Contaminating the Pulpit

Disclaimer: The following post is based on information that’s come down a chain. Names have been omitted to protect those who should embarrassed.

Every year, several historically African American churches in Eastern Jefferson County, Kentucky, hold a community sunrise service to celebrate Resurrection Sunday morning (more commonly referred to as Easter).  Congregants from every church meet at one of the churches, have service and then have breakfast.  The pastor of one of the churches, not usually of the host church, preaches.  The service is slightly inter-denominational, combining Methodist, A.M.E., A.M.E. Zion and Baptist churches. It normally serves as a reminder that although our denominations vary, our belief in Christ’s crucifixion and resurrection unites all Christians.

This year the pastors from two of the guest churches, one of whom was to preach, have refused to attend sunrise service.  A woman pastors the host church, and the pastor who was to preach won’t enter a pulpit where a woman has preached.  He’s going to host his own sunrise service at his church.

I had to check the calendar on my wall when my mom told me this.  Yep, it still says 2012.  But some traditionalists just won’t change with the times.

Banning women from preaching or teaching in the church is a long-standing practice.  Some men in church leadership—and the women who staunchly follow them, sometimes squelching the spiritual gifts God told them to use in order to be obedient to their teachers—usually justify the ban through the following scriptures:

As in all the congregations of the saints, women should remain silent in the churches.  They are not allowed to speak, but must be in submission, as the Law says.  If they want to inquire about something, they should ask their own husbands at home; for it is disgraceful for a woman to speak in the church. (1 Corinthians 14:34-35, NIV 1984)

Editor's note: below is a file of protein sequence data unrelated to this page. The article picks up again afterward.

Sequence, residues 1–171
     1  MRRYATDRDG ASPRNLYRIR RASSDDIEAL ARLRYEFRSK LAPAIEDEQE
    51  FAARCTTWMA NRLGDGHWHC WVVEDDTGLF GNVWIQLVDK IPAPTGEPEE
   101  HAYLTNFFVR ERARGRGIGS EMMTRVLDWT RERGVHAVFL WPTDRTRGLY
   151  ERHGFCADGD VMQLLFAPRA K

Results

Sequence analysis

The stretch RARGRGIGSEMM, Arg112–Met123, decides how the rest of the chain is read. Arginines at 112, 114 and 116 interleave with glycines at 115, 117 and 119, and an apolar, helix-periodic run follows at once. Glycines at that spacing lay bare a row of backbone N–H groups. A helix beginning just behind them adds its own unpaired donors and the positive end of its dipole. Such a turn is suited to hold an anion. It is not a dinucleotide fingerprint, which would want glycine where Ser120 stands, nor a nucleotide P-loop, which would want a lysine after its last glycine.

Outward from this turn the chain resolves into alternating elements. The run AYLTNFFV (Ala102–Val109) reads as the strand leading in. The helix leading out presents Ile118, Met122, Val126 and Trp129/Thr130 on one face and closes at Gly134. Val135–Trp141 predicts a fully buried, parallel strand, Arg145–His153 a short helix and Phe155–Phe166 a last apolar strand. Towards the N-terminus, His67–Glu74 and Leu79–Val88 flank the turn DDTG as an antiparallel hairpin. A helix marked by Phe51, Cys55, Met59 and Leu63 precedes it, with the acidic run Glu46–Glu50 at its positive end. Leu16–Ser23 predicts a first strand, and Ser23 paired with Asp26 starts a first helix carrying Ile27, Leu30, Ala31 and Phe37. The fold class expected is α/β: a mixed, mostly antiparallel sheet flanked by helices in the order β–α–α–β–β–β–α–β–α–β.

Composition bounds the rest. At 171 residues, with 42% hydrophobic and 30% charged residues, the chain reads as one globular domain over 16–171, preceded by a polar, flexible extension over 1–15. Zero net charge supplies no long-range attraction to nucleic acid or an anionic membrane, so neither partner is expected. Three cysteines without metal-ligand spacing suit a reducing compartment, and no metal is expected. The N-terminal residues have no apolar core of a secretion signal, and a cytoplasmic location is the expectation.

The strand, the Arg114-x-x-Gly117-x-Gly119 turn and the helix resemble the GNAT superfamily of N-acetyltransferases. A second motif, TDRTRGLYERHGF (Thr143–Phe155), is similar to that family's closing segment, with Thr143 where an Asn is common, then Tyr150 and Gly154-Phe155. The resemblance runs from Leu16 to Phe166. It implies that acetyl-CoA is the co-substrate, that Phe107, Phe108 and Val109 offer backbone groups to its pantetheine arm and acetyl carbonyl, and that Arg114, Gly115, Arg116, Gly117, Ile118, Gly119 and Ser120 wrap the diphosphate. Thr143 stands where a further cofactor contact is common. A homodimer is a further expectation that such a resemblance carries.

I do not permit a woman to teach or to have authority over a man; she must be silent. For Adam was formed first, then Eve. And Adam was not the one deceived; it was the woman who was deceived and became a sinner. (1 Timothy 2:12 NIV 1984)

Those who believe there’s no place for that thinking in this century—and in some denominations, as far back as the 19th Century—contextualize the above scriptures.  They explain that in the cultures of the churches Paul advised in his letters, women couldn’t be educated and couldn’t confront men.  They could learn and ask questions in the newly formed Christian churches, but because they hadn’t had those opportunities before, their knowledge was limited.  Unknowledgeable people shouldn’t teach.  Furthermore, in 1 Corinthians 11:5, Paul states that women prayed and prophesied in public (although if you read through to verse 10, there are restrictions on that, too).

My mom knew all this last night when she asked, “Does he think she contaminated the pulpit or something?” (We had both heard that in some churches, women are allowed to preach but not stand in the pulpit.  They have to preach from the floor or another place where the men don’t stand.  This is also ludicrous and discriminatory but perhaps a millimeter step forward.  The other pastor doesn’t have to enter the pulpit at tomorrow’s service, so I guess he’s not going because the whole building has been … womanized.) But neither of us has ever been a member of a church that held up this tradition, so I guess she just wanted to understand why a grown minister is acting like a pulpit has girl cooties.

The pastor of First Baptist J-Town Pewee Valley decided the other two pastors are bull petty.  He declared he’s a Christian and doesn’t care who’s been in the pulpit.

I hate to bring this up on the day before arguably the most important CME (Christmas, Mothers Day, Easter) day brings CME Only churchgoers out and the regulars try to convince them to stay.  But I think that those of us who are regulars should recognize organized religion’s complications and flaws.  Not just because we should know what we believe and what we don’t believe and prepare ourselves for the arguments against either.  But also because this particular practice of silencing women isn’t relegated just to the church (black or otherwise).  It’s a form of inequality that’s normal in our society, and it’s not right.  And I believe in saying wrong is wrong.

An earlier version of this post said the pastor of First Baptist J-town attended the service anyway. It has been corrected, per my mother’s good catch, to First Baptist Pewee Valley.  I apologize for the mistake.

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